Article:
Scott Robertson remains coy on next All Blacks captain
Incoming All Blacks head coach Scott Robertson is excited to write the next chapter of the ‘legacy’ as he prepares to take over from departing coach Ian Foster but hasn’t decided who will captain the side yet.
Robertson has installed a new coaching and backroom staff, with only forwards coach Jason Ryan and strength and conditioning coach Nic Gill remaining from Foster’s group.
One hallmark of Foster’s tenure was the captaincy of Sam Cane which remains an uncertainty heading into the Robertson era. The Chiefs openside took over the captaincy from former No 8 Kieran Read in 2020.
Despite being contracted with NZR until the end of 2025, the 31-year-old is taking a playing sabbatical with Tokyo Sungoliath in the Japan Rugby League One, meaning he will not be playing in Super Rugby in New Zealand in 2024.
Robertson remained coy on the matter in a wide-ranging interview with Stuff.co.nz, advising he wants to allow for ‘breathing room’ following the Rugby World Cup final.
“I am trying to give a little bit of a runway post-World Cup before I start having conversations around captains,” Robertson told Stuff.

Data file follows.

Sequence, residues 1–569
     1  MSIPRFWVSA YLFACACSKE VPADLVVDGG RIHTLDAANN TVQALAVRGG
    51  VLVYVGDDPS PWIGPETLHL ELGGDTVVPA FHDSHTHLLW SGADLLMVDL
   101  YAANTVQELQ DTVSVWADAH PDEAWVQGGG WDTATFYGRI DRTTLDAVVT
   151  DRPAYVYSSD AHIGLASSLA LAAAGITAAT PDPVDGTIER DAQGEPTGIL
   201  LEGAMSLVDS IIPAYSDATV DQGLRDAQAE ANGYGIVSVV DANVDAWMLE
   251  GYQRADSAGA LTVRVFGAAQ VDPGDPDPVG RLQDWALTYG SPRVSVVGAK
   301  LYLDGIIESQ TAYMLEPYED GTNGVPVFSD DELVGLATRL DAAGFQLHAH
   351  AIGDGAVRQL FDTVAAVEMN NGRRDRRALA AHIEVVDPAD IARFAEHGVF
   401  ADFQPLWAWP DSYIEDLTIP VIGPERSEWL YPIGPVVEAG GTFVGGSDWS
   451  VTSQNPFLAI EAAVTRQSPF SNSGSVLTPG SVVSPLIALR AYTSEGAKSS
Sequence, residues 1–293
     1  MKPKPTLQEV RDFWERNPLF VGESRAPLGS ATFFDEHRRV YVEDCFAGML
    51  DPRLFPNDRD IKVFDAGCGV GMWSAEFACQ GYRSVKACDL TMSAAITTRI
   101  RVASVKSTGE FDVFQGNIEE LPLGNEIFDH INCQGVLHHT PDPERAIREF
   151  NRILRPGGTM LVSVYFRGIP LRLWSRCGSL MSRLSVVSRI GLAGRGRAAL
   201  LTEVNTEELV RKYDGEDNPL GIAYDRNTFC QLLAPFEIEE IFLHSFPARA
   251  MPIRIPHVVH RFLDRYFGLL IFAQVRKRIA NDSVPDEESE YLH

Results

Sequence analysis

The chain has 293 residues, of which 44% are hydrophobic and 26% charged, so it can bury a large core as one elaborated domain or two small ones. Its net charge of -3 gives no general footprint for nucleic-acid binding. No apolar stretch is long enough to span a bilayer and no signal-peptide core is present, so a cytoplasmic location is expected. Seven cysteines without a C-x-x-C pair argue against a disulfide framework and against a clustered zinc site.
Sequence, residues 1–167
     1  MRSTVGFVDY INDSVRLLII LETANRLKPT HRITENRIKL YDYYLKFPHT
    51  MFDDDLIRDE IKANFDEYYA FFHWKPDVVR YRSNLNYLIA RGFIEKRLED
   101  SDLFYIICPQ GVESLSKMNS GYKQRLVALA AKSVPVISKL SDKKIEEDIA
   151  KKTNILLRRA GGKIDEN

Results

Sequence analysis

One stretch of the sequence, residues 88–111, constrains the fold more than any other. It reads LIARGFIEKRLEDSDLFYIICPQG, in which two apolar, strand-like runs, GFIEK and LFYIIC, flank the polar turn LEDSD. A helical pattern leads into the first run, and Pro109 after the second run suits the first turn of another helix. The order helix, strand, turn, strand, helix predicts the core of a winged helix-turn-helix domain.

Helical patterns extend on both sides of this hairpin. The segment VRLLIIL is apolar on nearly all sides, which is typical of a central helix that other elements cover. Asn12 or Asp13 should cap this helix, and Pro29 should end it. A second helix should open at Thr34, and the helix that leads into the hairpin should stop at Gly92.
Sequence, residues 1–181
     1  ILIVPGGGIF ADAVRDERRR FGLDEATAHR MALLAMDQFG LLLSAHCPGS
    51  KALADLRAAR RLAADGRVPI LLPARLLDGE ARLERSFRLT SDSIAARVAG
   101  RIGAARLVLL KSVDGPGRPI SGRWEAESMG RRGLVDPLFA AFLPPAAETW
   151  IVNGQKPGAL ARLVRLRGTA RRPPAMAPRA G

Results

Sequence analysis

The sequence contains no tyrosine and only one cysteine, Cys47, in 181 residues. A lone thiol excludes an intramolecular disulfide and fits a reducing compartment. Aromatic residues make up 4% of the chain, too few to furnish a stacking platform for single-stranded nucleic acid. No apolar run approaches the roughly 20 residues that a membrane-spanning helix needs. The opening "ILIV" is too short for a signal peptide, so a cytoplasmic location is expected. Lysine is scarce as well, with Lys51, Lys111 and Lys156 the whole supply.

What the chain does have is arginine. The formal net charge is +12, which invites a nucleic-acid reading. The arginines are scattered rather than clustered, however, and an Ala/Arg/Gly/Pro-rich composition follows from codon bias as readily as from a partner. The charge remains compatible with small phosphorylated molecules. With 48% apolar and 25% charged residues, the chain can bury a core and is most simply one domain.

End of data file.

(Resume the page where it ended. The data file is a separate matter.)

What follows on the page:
“I think it is important – around respect. I have talked to all the senior All Blacks, I have spent around an hour, or two, chatting around what they learned from the World Cup.
“I am starting to build an understanding, and what they think is really important is what they want to protect.
“But what do we need to evolve, on and off the field? They have had time to reflect, and they have been honest, which has been great.”
Cane is not the only captaincy candidate who will miss the Super Rugby Pacific campaign, with newly-crowned World Player of the Year and vice-captain Ardie Savea also taking a sabbatical with the Kolbeco Kobe Steelers.
Both will return to New Zealand in time for the All Blacks two Tests with England, Robertson’s first challenge as All Blacks head coach.
News that Scott’s brother Beauden may be available should he ink a new deal with NZR was received positively by Robertson but there were no guarantees.
His form in the Japan league would matter when considering his Test selection in 2024.
“Look, the guys who have played in Japan have come back and played good rugby. He’s hugely experienced, and it doesn’t matter where you are, you have to play well,” Robertson said.
“That’s what All Blacks do. That was the message to him. Play well, we will watch you from afar, we will give you feedback and keep connected.”